Beyond Woodlawn Avenue: My experience taking non-Booth courses at UChicago

So many courses, so little time! That’s how most of us feel at Booth, but wait till you consider the wider University! As a center for intellectual thought, the University of Chicago has a lot to offer – be it art history, molecular engineering or theater. Being part of the University gives us a chance to explore these areas of study as Booth students are permitted to take up to six non-Booth courses (and to offer some much-needed respite to those overworked DCF brain cells!)

My first foray into the larger University, beyond the walls of Harper Center, was attending Wendy Doniger’s course Many Ramayanas. A renowned Indologist, Doniger published The Hindus: An Alternative History in 2009, which ruffled a lot of feathers in India due to its controversial treatment of Hinduism. The wide-ranging and informative nature of class conversations, in addition to Professor Doniger’s almost encyclopedic understanding of the Hindu epic Ramayana, was captivating. It was then that I decided I would definitely take a non-Booth course every quarter.

While looking for a course at Harris (the school of Public Policy), the title Lessons from Policies That Went Wrong immediately drew my attention. The course offered a holistic look into policies implemented across the world that did not achieve the results they targeted. I learnt a lot from my classmates as well, most of whom had enviable experience in public policy and government.

To supplement the influencing skills I honed in the Booth course Persuasion, this quarter I decided to attend Little Red Schoolhouse (LRS), one of the most famous UChicago courses of all time. Perhaps its official name, Academic and Professional Writing, conveys a bit more information about the course than LRS does. Every week, each one of my seven seminar group members writes a paper targeted to a specific audience. Getting to read such a diverse collection of writings – from feminism, music theory, and surgical medicine to criminology – helped me immensely in expanding my understanding of these topics. Simultaneously, listening to each other’s and the professor’s feedback on the structure and flow of the papers made me realize how my writing can be perceived so differently by different readers.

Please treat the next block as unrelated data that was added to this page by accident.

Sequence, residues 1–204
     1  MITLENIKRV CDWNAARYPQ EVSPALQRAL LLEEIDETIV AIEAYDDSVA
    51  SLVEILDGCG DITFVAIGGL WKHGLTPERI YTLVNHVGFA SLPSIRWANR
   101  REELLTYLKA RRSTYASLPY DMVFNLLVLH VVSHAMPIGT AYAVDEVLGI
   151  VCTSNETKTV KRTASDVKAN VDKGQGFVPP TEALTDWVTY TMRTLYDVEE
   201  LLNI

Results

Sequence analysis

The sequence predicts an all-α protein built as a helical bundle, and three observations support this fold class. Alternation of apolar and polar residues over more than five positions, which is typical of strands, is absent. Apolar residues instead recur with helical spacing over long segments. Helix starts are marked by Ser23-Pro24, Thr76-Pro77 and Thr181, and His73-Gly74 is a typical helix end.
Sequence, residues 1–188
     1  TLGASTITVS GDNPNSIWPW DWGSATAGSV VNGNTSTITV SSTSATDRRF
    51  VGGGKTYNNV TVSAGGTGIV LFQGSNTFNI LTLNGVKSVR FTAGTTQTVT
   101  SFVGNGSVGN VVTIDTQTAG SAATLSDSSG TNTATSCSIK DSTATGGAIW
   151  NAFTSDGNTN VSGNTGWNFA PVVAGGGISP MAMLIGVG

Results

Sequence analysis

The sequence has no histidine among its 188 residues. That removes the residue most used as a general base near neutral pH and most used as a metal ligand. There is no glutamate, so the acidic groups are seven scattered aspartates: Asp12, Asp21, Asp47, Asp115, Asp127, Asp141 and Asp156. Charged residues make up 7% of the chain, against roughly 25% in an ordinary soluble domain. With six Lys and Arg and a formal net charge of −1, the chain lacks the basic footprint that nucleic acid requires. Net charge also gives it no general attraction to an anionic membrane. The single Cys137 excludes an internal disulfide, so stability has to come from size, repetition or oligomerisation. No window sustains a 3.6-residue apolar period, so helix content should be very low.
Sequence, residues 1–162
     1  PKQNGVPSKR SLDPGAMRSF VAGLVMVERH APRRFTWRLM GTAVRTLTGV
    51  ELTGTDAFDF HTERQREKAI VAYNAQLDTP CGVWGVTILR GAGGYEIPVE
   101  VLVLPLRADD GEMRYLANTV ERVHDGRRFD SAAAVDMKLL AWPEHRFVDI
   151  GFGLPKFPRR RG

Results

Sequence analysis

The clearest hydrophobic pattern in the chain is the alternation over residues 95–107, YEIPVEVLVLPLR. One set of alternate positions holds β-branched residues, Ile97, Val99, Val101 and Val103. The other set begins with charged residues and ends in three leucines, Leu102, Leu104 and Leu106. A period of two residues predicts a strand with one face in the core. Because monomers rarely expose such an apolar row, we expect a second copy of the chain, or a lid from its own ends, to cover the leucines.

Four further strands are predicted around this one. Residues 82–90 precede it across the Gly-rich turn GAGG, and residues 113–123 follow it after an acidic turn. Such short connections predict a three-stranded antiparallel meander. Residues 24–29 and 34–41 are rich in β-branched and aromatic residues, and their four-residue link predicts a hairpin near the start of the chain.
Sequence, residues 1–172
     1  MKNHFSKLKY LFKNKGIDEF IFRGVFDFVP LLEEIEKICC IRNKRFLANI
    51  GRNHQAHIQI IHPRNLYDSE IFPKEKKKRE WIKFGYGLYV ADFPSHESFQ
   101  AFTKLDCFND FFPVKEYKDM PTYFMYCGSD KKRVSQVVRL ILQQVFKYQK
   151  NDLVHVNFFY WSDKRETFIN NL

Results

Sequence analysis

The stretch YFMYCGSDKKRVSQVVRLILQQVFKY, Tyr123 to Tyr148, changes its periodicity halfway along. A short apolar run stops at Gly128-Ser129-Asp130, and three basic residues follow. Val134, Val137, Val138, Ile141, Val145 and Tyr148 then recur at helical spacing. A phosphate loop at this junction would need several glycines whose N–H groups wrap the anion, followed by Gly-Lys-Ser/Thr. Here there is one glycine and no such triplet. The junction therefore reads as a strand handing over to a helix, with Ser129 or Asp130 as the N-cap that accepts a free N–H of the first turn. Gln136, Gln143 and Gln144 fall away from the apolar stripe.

UChicago is also home to many distinguished faculty members that are probably the most prominent voices in their fields. Martha Nussbaum (Philosophy) is one of the most prominent American philosophers and recently won the 2018 Berggruen Prize, which is awarded annually to a thinker whose ideas “have profoundly shaped human self-understanding and advancement in a rapidly changing world”. Her course, Emotion, Reason, and Law, discusses the role emotions play in law. Chris Blattman (Harris) is a popular blogger on international conflict and poverty. His course Order and Violence explores the causes of and possible policy solutions to unstable regions of the world. James Robinson (Harris) is the co-author of Why Nations Fail, an influential and popular book on comparative politics. His course of the same name allows students to explore the different developmental paths nations took to get where they are today. All these courses are generally offered in the Spring quarter!

The courses I have talked about so far barely scratch the surface of the courses offered by the University. In true UChicago spirit, I am sure most of us Boothies have a hidden passion for an obscure topic, and I am confident the University has a course for it.

This article was originally published in Booth’s student newspaper ChiBus.

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